A Simple Function

Suppose we want to write an image-processing function in Python. Here’s how it might look.

def filter2d(image, filt):
    M, N = image.shape
    Mf, Nf = filt.shape
    Mf2 = Mf // 2
    Nf2 = Nf // 2
    result = numpy.zeros_like(image)
    for i in range(Mf2, M - Mf2):
        for j in range(Nf2, N - Nf2):
            num = 0.0
            for ii in range(Mf):
                for jj in range(Nf):
                    num += (filt[Mf-1-ii, Nf-1-jj] * image[i-Mf2+ii, j-Nf2+jj])
            result[i, j] = num
    return result

This kind of quadruply-nested for-loop is going to be quite slow. Using Numba we can compile this code to LLVM which then gets compiled to machine code:

from numba import double

fastfilter_2d = jit(double[:,:](double[:,:], double[:,:]))(filter2d)

# Now fastfilter_2d runs at speeds as if you had first translated
# it to C, compiled the code and wrapped it with Python
res = fastfilter_2d(image, filt)

Numba actually produces two functions. The first function is the low-level compiled version of filter2d. The second function is the Python wrapper to that low-level function so that the function can be called from Python. The first function can be called from other numba functions to eliminate all python overhead in function calling.


Example for extension classes.

Things that work:

    - overriding Numba methods in Numba (all methods are virtual)
    - inheritance
    - instance attributes
    - subclassing in python and calling overridden methods in Python
    - arbitrary new attributes on extension classes and objects
    - weakrefs to extension objects

Things that do NOT (yet) work:

    - overriding methods in Python and calling the method from Numba
    - multiple inheritance of Numba classes
        (multiple inheritance with Python classes should work)
    - subclassing variable sized objects like 'str' or 'tuple'

from numba import jit, void, int_, double

# All methods must be given signatures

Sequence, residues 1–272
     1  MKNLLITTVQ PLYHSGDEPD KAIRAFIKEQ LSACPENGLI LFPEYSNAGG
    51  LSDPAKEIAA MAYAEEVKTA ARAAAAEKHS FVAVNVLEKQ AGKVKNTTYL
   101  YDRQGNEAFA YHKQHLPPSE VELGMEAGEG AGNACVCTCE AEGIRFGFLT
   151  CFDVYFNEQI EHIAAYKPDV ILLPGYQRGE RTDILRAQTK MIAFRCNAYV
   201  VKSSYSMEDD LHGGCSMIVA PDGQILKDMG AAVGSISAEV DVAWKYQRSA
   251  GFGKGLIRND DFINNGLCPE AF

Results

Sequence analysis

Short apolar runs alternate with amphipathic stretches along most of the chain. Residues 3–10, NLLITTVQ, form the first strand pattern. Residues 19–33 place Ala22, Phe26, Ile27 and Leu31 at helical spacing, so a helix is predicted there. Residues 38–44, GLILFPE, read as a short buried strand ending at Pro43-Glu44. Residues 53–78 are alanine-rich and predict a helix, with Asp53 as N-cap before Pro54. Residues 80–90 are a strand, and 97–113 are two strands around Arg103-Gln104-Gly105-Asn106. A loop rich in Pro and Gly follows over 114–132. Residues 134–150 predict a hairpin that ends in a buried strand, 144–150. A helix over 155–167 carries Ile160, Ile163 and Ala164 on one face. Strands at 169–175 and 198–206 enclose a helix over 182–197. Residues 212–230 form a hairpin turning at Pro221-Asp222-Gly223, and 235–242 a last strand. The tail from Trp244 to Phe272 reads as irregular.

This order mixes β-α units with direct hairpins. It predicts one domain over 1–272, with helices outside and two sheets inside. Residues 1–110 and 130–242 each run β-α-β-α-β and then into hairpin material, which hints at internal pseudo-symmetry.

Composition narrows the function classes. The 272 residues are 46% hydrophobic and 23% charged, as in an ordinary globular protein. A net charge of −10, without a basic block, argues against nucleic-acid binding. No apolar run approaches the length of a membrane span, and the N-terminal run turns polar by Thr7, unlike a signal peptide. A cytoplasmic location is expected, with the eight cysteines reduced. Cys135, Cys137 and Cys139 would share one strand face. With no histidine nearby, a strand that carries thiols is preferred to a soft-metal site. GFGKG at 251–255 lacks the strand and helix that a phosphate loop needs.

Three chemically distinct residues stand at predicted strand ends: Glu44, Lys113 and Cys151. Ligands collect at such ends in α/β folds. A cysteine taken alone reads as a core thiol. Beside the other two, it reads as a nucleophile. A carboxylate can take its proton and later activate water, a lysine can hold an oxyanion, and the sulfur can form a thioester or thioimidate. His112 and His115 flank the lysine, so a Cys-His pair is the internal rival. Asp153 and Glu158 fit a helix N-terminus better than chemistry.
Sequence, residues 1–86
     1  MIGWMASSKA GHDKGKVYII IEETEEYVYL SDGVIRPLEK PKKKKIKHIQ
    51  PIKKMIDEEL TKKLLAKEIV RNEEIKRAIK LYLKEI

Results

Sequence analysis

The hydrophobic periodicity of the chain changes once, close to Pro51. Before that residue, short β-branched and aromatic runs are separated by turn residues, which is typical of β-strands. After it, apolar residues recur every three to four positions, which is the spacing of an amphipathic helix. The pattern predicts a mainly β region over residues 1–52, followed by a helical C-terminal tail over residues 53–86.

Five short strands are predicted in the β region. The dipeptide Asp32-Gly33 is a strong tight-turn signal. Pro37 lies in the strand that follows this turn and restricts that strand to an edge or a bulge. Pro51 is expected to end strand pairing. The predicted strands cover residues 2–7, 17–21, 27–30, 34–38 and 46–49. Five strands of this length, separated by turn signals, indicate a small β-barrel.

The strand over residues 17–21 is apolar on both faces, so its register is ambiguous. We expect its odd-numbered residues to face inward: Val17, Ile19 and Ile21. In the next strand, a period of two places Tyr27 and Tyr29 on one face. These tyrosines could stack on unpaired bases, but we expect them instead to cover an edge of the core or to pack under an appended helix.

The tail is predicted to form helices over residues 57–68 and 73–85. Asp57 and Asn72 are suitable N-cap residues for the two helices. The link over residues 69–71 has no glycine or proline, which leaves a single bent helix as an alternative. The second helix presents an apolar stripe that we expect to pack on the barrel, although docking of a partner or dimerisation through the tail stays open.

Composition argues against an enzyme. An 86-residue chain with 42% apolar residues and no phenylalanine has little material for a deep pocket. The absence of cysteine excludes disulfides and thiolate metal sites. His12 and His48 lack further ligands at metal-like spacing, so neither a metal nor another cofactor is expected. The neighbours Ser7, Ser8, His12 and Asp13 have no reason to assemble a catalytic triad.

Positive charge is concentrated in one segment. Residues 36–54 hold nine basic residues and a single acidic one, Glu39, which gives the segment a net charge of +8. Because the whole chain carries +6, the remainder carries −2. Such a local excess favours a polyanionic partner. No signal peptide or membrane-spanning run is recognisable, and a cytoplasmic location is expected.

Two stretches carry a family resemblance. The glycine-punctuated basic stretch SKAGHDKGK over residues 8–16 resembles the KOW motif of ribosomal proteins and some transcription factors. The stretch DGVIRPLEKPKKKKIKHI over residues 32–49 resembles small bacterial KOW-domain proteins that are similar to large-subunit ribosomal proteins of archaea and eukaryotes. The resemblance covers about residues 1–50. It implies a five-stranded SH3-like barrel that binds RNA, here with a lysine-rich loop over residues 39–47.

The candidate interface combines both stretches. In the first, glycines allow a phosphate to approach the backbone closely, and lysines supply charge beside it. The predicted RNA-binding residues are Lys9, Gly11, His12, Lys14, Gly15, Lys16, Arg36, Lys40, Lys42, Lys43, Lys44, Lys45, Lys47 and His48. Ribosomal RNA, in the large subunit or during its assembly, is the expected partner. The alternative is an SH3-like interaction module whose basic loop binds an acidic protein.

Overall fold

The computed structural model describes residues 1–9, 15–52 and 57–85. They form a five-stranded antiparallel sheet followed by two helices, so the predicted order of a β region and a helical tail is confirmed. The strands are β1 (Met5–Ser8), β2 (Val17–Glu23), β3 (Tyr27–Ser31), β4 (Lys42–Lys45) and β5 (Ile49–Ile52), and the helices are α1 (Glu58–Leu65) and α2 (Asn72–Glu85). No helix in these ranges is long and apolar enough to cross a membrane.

class Shrubbery(object):
    @void(int_, int_)
    def __init__(self, w, h):
        # All instance attributes must be defined in the initializer
        self.width = w
        self.height = h

        # Types can be explicitly specified through casts
        self.some_attr = double(1.0)

    def area(self):
        return self.width * self.height

    def describe(self):
        print("This shrubbery is ", self.width,
              "by", self.height, "cubits.")
shrub = Shrubbery(10, 20)
print(shrub.width, shrub.height)
shrub.width = 30
print(shrub._numba_attrs._fields_) # This is an internal attribute subject to change!

class MyClass(Shrubbery):
    def newmethod(self):
        print("This is a new method.")

shrub2 = MyClass(30,40)


Example for closures. Closures may be of arbitrary dept, and they keep
the scope alive as long as the closure is alive. Only variables that are
closed over (cell variables in the defining function, free variables in the
closure), are kept alive. See also numba/tests/closures/test_closure.py

from numba import autojit, jit, float_
from numpy import linspace

def generate_power_func(n):
    def nth_power(x):
        return x ** n

    # This is a native call
    print nth_power(10)

    # Return closure and keep all cell variables alive
    return nth_power

for n in range(2, 5):
    func = generate_power_func(n)
    print [func(x) for x in linspace(1.,2.,10.)]


from numba import struct, jit, double
import numpy as np

record_type = struct([('x', double), ('y', double)])
record_dtype = record_type.get_dtype()
a = np.array([(1.0, 2.0), (3.0, 4.0)], dtype=record_dtype)

def hypot(data):
    # return types of numpy functions are inferred
    result = np.empty_like(data, dtype=np.float64) 
    # notice access to structure elements 'x' and 'y' via attribute access